Background: Women have entered academic medicine in significant numbers for 4 decades and now comprise 20% of full-time faculty. Despite this, women have not reached senior positions in parity with men. We sought to explore the gender climate in academic medicine as perceived by representatives to the Association of American Medical Colleges (AAMC) Group on Women in Medicine and Science (GWIMS) and Group on Diversity and Inclusion (GDI).
Methods: We conducted a qualitative analysis of semistructured telephone interviews with GWIMS and GDI representatives and other senior leaders at 24 randomly selected medical schools of the 1995 National Faculty Study. All were in the continental United States, balanced for public/private status and AAMC geographic region. Interviews were audiotaped, transcribed, and organized into content areas before an inductive thematic analysis was conducted. Themes that were expressed by multiple informants were studied for patterns of association.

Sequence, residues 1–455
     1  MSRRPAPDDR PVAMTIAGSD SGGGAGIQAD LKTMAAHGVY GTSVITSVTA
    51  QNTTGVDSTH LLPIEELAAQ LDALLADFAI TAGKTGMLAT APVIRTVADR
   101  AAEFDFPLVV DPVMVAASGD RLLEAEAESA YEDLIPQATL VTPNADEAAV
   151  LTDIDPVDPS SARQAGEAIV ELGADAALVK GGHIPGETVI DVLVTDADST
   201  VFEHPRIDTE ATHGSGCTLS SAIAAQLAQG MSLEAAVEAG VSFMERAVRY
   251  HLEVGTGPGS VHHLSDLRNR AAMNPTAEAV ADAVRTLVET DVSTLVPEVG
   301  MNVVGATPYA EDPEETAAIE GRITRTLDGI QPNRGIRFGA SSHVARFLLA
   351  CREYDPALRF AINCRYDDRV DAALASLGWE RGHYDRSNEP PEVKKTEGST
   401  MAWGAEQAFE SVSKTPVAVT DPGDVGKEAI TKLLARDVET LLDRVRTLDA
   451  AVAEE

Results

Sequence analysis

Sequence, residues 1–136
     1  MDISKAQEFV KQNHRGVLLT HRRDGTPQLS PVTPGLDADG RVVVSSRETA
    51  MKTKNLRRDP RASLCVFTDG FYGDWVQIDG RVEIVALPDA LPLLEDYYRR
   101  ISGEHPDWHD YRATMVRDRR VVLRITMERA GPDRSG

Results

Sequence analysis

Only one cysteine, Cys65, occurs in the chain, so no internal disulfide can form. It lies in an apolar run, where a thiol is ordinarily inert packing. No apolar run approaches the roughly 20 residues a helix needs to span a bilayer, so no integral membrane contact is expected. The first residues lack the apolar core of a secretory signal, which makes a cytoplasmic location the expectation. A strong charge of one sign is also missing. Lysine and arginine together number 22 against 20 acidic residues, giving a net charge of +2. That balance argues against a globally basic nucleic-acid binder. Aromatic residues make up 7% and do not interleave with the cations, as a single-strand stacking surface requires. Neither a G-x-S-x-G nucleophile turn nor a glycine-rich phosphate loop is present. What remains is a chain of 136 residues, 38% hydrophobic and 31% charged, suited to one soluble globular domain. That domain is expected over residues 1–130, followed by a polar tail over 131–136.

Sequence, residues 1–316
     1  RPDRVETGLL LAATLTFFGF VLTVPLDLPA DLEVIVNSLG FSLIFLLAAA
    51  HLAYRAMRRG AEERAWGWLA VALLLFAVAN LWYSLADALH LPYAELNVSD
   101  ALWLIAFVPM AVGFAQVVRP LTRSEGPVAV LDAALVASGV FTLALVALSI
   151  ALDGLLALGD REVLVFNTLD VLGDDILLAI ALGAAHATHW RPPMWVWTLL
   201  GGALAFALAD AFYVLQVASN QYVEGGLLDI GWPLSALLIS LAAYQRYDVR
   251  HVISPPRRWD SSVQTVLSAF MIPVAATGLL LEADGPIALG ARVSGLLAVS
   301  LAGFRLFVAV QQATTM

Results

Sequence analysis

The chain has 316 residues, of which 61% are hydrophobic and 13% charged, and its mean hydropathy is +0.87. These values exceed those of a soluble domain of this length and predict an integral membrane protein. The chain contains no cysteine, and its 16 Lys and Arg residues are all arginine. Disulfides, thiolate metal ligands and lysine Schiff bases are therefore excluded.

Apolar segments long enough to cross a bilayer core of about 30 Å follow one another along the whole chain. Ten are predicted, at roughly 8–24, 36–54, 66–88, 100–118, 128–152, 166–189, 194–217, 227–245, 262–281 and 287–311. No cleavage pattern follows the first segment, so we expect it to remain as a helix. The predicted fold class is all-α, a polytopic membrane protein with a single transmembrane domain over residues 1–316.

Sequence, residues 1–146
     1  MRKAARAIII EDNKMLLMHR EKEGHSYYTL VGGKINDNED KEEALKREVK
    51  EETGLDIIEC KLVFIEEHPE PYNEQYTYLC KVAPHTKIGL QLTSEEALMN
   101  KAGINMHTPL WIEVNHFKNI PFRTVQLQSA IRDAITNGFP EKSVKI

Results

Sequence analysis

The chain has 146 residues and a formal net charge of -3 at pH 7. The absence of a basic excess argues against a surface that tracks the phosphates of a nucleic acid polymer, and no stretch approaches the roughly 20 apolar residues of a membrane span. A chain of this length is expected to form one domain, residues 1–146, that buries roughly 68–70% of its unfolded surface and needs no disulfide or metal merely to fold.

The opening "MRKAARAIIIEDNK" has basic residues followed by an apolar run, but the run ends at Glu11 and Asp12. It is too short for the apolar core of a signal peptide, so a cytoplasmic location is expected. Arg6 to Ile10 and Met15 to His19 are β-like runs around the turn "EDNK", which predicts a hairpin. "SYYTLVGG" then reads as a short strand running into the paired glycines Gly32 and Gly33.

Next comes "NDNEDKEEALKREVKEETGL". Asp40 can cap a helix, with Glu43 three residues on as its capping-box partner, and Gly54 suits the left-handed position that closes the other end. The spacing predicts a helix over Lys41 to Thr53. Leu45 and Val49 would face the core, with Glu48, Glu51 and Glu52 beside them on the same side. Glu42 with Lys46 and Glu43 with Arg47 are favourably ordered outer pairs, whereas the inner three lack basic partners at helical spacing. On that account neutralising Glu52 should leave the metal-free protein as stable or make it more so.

Results: Five themes were identified: (1) a perceived wide spectrum in gender climate; (2) lack of parity in rank and leadership by gender; (3) lack of retention of women in academic medicine (the "leaky pipeline"); (4) lack of gender equity in compensation; and (5) a disproportionate burden of family responsibilities and work-life balance on women's career progression.
Conclusions: Key informants described improvements in the climate of academic medicine for women as modest. Medical schools were noted to vary by department in the gender experience of women, often with no institutional oversight. Our findings speak to the need for systematic review by medical schools and by accrediting organizations to achieve gender equity in academic medicine.